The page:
Later, Cassie sits in the Dean’s office of her old college, calmly telling Dean Walker (Connie Britton) that her own daughter is in the company of some very sketchy dudes – an act of revenge for the Dean not believing or caring enough about Cassie’s friend Nina’s rape reports (allegedly ignored because Nina liked to drink and have sex). The Dean asks where her daughter is. Cassie is silent. She asks again, and again until eventually, she must beg. Cassie holds the power of silence in the palm of her hand, because fight-or-flight humans can’t help but imagine the worst-case scenario when they’re in the dark. Coupled with Mulligan’s calm, almost smirking delivery of the information Cassie chooses to share, again we see anger born from fear. The Dean tries to fight deafening silence with raising her voice. Cassie remains stoic, and tells her to calm down, weaponising society’s minimising of women’s feelings to devastating effect. We all sigh with relief when Cassie admits that the Dean’s daughter is perfectly safe, until we are forced to acknowledge that Cassie might be right, could empathy for Nina’s situation only be won by employing such devious means?

Promising Young Woman

Moments after this, another scene unfolds, a scene which doesn’t add much to the narrative, but reveals everything about the limits of Cassie’s inner anger. She stops her car in the middle of the highway, annoying the driver behind. He shouts at her, calls her names, all the tenets of road rage that we have come to consider as acceptable, when really it’s just another display of failure in empathy for our fellow woman. Of course, Cassie does not react, until she gets out of her car in a fugue state and repeatedly smashes the driver’s windscreen, terrorising him and us in the process. Silence equals violence.

Occasionally, Cassie ceases to say or do anything. When confronting Jordan Green (Alfred Molina), the lawyer who successfully defended Nina’s rapist in court, her flat introduction is enough for Jordan to begin blubbing, revealing a man driven to personal agony by his own actions. Cassie displays humility, holds him, perhaps acknowledging his genuine remorse. And then she leaves to speak to a local undesirable, who asks whether he should still ‘go into the house‘. We can only imagine what Cassie was prepared to do to Jordan, but we can assume it involves a more visceral type of pain. We must wait for what feels like minutes, as Cassie mulls over – silently – whether she has finished wreaking her wrath.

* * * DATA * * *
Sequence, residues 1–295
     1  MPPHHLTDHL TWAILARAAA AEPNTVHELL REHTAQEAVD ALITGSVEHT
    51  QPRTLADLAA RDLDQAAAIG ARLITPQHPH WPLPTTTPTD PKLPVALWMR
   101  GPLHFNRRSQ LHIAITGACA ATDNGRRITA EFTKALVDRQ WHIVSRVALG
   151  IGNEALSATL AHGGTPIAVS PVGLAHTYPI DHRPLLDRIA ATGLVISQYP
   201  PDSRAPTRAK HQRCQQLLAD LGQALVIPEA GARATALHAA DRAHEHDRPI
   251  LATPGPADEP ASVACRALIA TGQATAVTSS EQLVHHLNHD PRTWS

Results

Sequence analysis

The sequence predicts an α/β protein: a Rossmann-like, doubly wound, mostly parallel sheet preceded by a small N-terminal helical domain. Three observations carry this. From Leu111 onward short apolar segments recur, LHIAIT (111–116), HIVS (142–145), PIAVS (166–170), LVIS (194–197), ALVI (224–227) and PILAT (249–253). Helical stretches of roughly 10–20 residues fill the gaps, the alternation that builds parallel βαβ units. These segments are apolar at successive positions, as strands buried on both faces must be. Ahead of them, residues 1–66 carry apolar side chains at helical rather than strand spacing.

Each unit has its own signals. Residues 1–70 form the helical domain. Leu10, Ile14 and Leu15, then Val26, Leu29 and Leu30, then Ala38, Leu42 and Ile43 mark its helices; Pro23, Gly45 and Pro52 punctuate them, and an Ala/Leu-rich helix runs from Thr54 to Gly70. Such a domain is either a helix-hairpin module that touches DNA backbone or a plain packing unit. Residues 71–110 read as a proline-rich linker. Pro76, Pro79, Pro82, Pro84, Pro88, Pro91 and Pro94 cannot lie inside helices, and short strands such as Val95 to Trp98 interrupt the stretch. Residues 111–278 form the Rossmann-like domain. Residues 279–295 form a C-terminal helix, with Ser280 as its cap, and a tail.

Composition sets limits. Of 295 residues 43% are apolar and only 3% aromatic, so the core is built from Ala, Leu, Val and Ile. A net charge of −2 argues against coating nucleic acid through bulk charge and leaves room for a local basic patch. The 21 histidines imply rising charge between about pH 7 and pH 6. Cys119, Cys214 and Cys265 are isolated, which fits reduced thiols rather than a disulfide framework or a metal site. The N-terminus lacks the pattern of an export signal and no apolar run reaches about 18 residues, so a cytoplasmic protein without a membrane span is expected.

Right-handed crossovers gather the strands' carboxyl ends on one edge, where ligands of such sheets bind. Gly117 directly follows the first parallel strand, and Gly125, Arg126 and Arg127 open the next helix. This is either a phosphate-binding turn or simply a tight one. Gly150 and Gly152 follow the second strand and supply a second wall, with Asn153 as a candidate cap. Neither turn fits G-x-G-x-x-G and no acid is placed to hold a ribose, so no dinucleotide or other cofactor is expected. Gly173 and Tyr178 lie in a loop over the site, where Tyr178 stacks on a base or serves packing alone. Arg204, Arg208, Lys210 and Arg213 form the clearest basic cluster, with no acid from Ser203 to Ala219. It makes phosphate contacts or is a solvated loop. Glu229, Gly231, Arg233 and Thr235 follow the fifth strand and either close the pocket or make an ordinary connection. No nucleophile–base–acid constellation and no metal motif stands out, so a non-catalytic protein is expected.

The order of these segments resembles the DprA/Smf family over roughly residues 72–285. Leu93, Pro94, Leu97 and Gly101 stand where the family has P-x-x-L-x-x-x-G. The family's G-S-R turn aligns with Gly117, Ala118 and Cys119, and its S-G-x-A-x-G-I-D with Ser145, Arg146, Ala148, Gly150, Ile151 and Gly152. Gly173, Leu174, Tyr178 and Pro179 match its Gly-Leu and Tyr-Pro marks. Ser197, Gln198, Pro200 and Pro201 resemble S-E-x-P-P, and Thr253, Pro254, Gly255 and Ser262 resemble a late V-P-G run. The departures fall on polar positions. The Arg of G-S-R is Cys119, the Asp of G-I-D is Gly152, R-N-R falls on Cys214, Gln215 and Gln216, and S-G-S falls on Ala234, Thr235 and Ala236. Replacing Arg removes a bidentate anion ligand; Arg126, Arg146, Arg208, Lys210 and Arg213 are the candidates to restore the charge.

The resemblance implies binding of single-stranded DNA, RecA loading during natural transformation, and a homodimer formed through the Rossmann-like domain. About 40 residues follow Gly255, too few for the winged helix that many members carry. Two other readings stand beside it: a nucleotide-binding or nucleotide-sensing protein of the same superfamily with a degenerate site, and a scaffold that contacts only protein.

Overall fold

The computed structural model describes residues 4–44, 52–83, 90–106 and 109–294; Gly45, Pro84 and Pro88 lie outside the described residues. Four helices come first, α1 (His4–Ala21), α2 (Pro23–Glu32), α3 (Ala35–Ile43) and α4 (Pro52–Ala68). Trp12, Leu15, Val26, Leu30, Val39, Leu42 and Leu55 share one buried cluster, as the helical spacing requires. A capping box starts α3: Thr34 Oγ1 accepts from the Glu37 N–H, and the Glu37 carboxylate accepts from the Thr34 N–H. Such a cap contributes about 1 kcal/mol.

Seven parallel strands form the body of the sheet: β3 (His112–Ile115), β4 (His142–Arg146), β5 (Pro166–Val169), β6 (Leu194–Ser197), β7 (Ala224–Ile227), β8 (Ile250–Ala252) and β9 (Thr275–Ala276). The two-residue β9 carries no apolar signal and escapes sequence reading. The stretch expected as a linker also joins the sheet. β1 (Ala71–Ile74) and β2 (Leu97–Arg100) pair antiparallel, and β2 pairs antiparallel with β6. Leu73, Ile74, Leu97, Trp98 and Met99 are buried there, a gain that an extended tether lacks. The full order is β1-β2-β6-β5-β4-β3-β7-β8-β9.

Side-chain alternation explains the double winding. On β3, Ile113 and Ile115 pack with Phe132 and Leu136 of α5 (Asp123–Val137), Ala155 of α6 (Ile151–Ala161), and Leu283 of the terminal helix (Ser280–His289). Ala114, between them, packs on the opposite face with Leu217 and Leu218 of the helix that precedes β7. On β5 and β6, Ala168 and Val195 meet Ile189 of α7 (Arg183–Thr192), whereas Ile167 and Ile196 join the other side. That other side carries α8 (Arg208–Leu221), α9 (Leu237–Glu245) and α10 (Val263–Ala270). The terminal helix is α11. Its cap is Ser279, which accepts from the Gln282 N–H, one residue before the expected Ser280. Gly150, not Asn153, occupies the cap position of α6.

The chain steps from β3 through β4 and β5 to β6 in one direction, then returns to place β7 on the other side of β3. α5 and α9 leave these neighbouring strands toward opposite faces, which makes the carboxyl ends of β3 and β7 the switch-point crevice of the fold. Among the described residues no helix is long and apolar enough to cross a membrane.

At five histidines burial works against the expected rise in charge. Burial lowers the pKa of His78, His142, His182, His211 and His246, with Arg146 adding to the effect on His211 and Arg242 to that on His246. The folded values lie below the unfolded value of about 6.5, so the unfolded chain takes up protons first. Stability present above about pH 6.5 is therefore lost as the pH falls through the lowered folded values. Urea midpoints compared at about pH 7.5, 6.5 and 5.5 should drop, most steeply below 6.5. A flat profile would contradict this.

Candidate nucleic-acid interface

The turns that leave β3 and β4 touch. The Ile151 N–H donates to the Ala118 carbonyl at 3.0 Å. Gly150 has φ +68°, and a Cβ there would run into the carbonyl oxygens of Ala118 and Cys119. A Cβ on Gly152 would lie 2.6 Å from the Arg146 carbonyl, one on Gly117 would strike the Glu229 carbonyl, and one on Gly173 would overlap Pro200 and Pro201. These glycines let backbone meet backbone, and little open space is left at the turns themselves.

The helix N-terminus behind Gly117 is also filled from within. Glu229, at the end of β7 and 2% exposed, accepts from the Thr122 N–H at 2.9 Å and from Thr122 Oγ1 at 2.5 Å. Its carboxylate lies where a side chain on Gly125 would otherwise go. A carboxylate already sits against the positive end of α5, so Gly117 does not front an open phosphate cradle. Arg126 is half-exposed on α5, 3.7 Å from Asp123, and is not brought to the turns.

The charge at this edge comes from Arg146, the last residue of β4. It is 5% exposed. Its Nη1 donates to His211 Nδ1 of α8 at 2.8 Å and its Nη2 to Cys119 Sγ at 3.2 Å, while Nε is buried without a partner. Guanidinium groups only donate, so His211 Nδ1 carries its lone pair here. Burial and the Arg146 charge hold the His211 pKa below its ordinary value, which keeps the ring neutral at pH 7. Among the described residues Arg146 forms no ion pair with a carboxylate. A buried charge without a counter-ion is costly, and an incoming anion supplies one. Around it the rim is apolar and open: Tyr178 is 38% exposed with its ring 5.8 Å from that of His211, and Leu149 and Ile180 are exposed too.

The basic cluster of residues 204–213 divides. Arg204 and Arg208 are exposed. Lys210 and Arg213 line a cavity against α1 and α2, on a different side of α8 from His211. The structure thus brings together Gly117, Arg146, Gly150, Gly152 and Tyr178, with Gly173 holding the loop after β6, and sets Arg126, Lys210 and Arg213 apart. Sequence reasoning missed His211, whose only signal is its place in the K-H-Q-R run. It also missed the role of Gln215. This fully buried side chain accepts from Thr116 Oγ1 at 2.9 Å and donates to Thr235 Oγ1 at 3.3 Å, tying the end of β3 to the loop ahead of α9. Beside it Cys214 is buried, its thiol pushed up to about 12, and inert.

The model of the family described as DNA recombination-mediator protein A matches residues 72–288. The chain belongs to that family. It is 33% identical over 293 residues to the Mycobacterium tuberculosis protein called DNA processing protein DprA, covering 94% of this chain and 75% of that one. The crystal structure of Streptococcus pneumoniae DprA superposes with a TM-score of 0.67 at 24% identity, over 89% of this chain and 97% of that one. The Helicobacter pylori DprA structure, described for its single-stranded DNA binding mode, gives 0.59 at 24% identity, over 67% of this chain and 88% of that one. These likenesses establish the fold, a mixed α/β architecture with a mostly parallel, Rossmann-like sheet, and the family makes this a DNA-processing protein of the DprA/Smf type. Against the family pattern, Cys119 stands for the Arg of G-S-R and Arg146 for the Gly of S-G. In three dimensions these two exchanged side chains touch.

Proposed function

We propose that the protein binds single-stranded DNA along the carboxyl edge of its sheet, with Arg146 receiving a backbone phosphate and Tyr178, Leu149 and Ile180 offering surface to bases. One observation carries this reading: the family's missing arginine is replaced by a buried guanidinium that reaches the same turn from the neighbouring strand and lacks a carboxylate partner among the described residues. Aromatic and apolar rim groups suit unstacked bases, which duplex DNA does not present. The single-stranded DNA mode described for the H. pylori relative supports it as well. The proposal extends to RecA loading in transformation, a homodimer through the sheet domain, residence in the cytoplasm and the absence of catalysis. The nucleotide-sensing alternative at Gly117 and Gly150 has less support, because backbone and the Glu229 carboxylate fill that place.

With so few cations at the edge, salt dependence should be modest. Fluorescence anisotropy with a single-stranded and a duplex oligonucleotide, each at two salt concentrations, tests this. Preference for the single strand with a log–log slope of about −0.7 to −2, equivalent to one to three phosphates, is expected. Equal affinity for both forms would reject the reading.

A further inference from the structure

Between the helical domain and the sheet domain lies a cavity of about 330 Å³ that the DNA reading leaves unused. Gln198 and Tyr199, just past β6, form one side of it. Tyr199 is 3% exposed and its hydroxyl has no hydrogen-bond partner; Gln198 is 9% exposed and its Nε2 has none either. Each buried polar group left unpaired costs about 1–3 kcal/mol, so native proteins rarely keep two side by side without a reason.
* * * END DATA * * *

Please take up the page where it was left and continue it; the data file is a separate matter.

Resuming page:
Lulled into a sense of understanding that Cassie is not into oral communication, at her moment of reckoning – handcuffing rapist Al to his bed dressed as a naughty nurse while brandishing a needle, she talks and talks and talks – the delivery of a much-rehearsed speech that has been eating away at her insides. We’re reminded that some of the power of silence comes from when and how it is broken. This scene goes on to teach us yet another terrible lesson, that when Cassie finally lets out all of her feelings she is thoroughly punished for her words.

And lastly, once Cassie has been (seemingly) permanently silenced – her absence is felt deeply and profoundly. Fennell takes a leaf from Alfred Hitchcock’s Psycho, leaving the viewer bereft of its lead, even if we’re still unsure whether we liked or agreed with her actions. But once again, Cassie’s silence betrays her power, she still can be heard, with a little forward-planning. 

Promising Young Woman like no other recent movie, lets us bathe in the liminal space between thought and action, and we’re all better off for it. Would Cassie agree? Perhaps, but I very much doubt she’d say it out loud.